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U.S. Military Officials: Bush Trying To Bribe Us To Support Iraq Escalation

By Amanda Terkel on December 21, 2006 at 12:46 pm

"U.S. Military Officials: Bush Trying To Bribe Us To Support Iraq Escalation"

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Last night on NBC Nightly News, Pentagon correspondent Jim Miklaszewski said that many military officials are “suspicious” of President Bush’s announcement that he plans to increase the size of the armed forces. They believe that “he’s dangling that offer out there in an effort to buy the military support for the option to surge additional American troops into Iraq as if it’s some kind of tradeoff.”

Miklaszewski added that military leaders are also still opposed to an increase in U.S. troops in Iraq, believing it would “be like throwing kerosene on a fire.” Watch it:

[flv http://video.thinkprogress.org/2006/12/surgewilliams.320.240.flv]

In the 2004 campaign, Bush repeatedly attacked Sen. John Kerry’s (D-MA) proposal to expand the Army by 40,000 troops. As recently as six months ago, a “Statement of Administration Policy” stated that the administration “opposes increases in minimum active Army and Marine Corps end strengths.” Bush’s plan to send 15,000 to 30,000 more U.S. troops to Iraq has been unanimously opposed by the Joint Chiefs of Staff, as well as by Gen. John Abizaid, the top U.S. commander in the Middle East.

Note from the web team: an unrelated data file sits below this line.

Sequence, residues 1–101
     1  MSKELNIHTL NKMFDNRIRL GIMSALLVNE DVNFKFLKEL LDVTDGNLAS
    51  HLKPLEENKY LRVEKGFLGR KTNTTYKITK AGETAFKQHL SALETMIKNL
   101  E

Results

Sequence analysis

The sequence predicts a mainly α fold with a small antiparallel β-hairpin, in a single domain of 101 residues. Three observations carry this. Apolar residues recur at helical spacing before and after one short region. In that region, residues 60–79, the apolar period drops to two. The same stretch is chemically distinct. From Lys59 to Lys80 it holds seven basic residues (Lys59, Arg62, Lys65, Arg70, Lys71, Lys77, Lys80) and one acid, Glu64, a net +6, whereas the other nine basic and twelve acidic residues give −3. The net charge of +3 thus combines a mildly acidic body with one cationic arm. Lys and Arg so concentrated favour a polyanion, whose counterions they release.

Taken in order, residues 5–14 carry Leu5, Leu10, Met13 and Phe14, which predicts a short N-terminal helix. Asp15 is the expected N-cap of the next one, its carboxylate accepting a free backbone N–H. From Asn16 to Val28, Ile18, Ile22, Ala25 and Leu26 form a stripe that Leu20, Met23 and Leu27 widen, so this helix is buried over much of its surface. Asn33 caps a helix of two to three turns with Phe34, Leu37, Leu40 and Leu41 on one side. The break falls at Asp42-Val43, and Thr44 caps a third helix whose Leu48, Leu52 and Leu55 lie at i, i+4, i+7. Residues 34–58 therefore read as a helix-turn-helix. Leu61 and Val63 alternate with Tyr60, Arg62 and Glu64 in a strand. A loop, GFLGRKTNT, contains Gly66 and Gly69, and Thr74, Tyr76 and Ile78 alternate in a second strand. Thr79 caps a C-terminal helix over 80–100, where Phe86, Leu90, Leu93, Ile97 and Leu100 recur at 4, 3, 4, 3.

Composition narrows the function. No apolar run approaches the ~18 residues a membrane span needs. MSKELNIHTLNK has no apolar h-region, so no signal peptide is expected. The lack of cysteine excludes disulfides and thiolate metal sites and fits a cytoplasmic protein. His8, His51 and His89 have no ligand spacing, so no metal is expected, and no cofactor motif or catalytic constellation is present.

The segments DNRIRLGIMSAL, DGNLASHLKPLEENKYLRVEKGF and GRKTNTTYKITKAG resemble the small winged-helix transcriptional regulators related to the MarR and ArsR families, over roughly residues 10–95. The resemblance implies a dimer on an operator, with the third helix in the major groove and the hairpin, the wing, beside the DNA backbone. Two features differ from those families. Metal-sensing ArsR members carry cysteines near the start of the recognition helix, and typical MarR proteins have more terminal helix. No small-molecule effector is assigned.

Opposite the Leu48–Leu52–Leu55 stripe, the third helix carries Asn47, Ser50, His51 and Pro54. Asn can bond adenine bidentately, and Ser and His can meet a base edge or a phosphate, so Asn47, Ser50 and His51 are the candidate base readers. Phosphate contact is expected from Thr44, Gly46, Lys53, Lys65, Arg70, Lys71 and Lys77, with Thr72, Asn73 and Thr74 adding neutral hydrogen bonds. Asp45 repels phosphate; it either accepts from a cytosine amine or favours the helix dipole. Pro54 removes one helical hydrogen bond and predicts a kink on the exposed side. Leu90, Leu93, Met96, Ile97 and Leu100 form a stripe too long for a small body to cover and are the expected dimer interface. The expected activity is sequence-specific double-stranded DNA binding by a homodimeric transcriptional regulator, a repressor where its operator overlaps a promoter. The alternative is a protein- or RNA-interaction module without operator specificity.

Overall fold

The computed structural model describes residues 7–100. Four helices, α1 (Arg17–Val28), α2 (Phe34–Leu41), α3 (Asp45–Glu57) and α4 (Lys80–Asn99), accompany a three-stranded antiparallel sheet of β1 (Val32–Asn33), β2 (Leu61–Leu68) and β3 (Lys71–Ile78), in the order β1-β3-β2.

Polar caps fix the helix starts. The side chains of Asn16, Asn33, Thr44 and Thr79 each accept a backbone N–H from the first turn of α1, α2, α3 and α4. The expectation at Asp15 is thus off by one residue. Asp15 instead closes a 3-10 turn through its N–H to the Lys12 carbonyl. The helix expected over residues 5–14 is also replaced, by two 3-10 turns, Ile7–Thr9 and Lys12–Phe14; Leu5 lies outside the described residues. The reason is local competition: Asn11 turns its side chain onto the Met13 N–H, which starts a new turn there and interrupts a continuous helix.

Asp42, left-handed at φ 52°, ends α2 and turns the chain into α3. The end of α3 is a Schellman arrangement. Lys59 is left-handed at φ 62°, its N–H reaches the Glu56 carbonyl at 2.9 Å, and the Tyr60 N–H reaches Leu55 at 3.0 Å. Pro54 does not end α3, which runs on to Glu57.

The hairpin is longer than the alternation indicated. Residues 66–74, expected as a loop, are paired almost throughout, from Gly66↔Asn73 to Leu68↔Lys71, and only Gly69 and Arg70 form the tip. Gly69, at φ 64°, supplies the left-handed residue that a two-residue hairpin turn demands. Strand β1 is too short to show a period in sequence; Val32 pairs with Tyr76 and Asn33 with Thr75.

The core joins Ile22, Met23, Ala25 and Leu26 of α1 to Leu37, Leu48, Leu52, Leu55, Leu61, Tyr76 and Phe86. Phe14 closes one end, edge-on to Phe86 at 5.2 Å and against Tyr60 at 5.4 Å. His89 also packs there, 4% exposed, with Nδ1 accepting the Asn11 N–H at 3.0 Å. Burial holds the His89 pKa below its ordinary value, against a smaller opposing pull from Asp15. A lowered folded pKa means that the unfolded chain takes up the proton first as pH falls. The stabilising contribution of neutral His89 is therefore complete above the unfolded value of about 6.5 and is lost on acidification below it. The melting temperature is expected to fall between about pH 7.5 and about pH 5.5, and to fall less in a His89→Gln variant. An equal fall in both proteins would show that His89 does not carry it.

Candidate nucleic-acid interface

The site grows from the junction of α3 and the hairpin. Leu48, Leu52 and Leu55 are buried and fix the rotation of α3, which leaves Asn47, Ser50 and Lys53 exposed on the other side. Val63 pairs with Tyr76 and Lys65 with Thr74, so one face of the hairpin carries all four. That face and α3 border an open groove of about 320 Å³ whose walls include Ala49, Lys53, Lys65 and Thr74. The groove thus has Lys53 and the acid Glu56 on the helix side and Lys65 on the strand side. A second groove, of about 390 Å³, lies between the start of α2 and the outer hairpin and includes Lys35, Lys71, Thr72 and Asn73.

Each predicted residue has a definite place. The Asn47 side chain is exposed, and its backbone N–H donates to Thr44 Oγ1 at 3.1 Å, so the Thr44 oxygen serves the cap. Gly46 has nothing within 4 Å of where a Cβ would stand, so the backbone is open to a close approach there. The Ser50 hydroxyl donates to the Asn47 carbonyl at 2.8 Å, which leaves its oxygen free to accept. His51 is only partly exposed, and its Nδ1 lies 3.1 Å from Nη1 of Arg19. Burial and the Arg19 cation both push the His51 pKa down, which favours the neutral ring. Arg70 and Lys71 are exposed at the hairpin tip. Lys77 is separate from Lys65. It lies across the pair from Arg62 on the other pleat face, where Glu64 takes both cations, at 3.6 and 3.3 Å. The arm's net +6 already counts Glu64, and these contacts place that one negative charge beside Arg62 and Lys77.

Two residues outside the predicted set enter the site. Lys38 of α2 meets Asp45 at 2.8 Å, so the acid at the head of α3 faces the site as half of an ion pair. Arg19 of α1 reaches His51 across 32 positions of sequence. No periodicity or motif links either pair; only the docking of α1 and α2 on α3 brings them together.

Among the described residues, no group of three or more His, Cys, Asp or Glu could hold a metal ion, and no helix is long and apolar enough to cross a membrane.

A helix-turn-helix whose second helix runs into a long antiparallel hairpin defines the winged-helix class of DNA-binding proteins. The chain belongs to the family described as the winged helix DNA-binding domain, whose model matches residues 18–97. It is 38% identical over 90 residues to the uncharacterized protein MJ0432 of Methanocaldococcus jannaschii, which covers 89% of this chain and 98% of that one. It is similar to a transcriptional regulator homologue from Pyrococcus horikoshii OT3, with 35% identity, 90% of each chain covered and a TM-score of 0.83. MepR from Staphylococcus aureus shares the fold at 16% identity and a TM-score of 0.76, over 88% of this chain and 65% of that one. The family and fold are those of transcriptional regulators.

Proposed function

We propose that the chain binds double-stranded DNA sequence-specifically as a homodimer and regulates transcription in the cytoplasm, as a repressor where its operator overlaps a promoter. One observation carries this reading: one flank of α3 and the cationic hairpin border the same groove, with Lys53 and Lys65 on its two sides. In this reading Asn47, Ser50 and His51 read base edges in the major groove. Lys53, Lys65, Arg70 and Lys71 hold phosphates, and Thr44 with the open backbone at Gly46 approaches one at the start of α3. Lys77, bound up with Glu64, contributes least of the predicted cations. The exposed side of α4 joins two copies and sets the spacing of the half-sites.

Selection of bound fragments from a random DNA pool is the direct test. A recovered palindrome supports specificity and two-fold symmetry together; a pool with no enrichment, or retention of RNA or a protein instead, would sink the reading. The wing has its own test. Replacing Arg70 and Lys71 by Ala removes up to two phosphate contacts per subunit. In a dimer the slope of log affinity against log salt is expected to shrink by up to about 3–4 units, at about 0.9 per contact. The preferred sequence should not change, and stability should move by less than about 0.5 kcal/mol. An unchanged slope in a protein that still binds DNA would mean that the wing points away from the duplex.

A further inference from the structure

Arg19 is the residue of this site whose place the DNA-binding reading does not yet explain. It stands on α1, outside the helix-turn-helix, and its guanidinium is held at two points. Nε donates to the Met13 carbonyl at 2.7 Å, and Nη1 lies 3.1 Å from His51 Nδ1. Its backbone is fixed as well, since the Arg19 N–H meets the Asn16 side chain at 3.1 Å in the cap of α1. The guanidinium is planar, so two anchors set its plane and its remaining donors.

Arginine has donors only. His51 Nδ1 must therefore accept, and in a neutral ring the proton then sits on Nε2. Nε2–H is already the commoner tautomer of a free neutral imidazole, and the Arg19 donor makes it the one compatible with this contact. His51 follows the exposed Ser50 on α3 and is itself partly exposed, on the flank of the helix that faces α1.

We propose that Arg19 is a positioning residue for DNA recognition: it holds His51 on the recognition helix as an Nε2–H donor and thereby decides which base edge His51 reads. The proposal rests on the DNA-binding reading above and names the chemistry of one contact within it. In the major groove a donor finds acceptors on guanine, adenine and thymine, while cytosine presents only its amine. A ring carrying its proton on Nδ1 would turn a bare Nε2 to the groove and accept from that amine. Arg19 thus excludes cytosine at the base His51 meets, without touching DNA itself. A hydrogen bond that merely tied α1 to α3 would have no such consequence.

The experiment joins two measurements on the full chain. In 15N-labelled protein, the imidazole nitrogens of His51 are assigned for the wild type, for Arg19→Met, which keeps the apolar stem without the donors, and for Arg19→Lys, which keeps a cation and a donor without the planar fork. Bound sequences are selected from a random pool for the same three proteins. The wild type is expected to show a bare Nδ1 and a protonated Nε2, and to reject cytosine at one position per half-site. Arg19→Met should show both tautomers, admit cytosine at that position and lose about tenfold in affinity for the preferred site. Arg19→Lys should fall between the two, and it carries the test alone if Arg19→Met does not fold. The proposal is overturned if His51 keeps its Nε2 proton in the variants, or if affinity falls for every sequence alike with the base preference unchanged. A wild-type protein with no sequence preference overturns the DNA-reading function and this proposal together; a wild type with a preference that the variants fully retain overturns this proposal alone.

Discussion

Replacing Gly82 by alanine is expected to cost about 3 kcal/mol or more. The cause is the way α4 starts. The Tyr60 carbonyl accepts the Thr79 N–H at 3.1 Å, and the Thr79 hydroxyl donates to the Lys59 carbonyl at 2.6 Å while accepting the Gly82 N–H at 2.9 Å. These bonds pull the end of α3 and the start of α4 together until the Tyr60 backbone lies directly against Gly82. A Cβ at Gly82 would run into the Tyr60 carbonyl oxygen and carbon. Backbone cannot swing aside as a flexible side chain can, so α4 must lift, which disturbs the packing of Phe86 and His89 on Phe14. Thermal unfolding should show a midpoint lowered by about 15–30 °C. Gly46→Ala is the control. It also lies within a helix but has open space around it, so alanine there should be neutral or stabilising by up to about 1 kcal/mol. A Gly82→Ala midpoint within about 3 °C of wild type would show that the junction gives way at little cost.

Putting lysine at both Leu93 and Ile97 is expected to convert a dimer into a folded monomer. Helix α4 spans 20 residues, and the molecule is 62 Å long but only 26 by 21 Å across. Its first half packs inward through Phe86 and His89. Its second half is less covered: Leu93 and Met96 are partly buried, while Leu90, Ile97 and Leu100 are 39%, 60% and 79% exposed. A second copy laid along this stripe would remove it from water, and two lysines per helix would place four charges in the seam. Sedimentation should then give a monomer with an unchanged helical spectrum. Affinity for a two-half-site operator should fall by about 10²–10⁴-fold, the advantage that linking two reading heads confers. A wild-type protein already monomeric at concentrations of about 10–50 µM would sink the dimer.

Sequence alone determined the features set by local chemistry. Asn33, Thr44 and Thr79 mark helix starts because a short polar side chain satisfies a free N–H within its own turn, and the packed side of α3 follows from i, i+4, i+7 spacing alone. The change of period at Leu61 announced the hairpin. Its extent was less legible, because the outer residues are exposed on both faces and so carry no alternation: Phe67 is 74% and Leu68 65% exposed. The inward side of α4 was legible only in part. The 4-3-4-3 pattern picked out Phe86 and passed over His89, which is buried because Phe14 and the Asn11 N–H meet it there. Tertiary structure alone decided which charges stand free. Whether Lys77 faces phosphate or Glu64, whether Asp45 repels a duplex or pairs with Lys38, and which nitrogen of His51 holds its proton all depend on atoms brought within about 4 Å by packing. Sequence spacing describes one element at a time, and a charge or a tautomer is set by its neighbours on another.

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Transcript:

BRIAN WILLIAMS: The President’s decision to push for this expansion of the US military has caught a few people at the Pentagon by surprise. We turn to our Pentagon correspondent, Jim Miklaszewski. And Jim, a lot of the generals have been asking for this for a long time, as recently as last week on Capitol Hill.

JIM MIKLASZEWSKI: That’s exactly right, Brian. But some military officials are highly suspicious of the President’s sudden turnaround on the issue. They believe that he’s dangling that offer out there in an effort to buy the military support for the option to surge additional American troops into Iraq as if it’s some kind of tradeoff. You throw in 30,000 more American troops into Baghdad now in exchange for an overall larger force four to five years down the road.

But many military leaders that we’re talking to still oppose a surge. They still believe it won’t work and will put more Americans at risk. As one senior military official put it today, it’ll be like throwing kerosene on a fire.

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